|Publication number||US6808991 B1|
|Application number||US 10/717,155|
|Publication date||Oct 26, 2004|
|Filing date||Nov 19, 2003|
|Priority date||Nov 19, 2003|
|Also published as||CN1333457C, CN1619794A|
|Publication number||10717155, 717155, US 6808991 B1, US 6808991B1, US-B1-6808991, US6808991 B1, US6808991B1|
|Original Assignee||Macronix International Co., Ltd.|
|Export Citation||BiBTeX, EndNote, RefMan|
|Patent Citations (7), Referenced by (39), Classifications (17), Legal Events (3)|
|External Links: USPTO, USPTO Assignment, Espacenet|
The present invention relates to a method for manufacturig a flash memory device, and more particularly to a method of fabricating a nitride read only memory with dual oxide-nitride-oxide (ONO) gate segments and two bits per cells.
Flash memory devices are used extensively for computer external storage. One of the goals in manufacturing flash memory is to store a maximum amount of information using a minimum amount of semiconductor surface area. Another goal of flash memory fabrication is use of a simple, inexpensive, yet high yield process. Many previous methods for reducing device size add too much complexity and cost. One relatively recent technique stores two bits in one cell for the purpose for reducing device size. Nitride read only memory (also called N-bit) cells can be used to accomplish this technique.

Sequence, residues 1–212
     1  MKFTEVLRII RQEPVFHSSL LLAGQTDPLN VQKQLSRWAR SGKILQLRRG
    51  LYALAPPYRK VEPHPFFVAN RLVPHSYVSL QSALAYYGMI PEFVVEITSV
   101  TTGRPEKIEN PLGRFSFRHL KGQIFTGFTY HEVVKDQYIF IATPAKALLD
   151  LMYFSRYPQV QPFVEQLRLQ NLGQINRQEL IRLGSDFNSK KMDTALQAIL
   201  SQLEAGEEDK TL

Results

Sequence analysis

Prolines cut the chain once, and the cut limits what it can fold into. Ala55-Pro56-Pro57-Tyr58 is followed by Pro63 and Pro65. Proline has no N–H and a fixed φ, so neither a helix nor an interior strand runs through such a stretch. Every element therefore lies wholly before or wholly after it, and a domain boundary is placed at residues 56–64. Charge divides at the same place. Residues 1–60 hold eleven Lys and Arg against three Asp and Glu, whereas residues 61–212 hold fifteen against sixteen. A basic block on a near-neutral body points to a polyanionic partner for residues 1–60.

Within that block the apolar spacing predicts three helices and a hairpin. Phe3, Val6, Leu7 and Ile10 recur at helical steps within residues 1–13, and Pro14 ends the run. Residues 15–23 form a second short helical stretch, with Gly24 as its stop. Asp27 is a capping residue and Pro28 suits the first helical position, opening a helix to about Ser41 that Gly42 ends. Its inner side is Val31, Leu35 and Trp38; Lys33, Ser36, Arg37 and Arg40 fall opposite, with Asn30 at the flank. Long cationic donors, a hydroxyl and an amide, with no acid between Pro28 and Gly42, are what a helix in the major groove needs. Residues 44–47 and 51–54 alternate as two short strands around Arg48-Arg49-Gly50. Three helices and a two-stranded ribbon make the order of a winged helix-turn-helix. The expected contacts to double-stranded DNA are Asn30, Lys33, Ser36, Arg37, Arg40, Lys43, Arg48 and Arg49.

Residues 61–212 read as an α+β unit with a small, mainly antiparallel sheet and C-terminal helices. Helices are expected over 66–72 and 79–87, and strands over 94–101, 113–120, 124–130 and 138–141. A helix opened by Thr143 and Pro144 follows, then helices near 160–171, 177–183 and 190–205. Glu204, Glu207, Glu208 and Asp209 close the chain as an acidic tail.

FIG. 1 illustrates an example prior art Nitride dual bit cell. As illustrated, two separately chargeable areas 100 and 101 are found within a nitride layer 102 formed in an oxide 103 -nitride-oxide 104 (ONO) sandwich underneath a polysilicon layer 105. However, some leakage occurs between the first and second bit areas through the Nitride 102. When the first bit area 100 is charged, electrons leak through nitride 102 to second bit area 101. The threshold voltage in second bit area 101 can be influenced by the leaked charge, and the data stored in the second bit could be lost. This problem in dual bit cells is sometimes known as the second bit effect.
In view of the drawbacks of the prior method, it is necessary to provide a method that can reduce the cost and complexity in flash memory fabrication and prevent the problem of second bit effect of N-bit memory.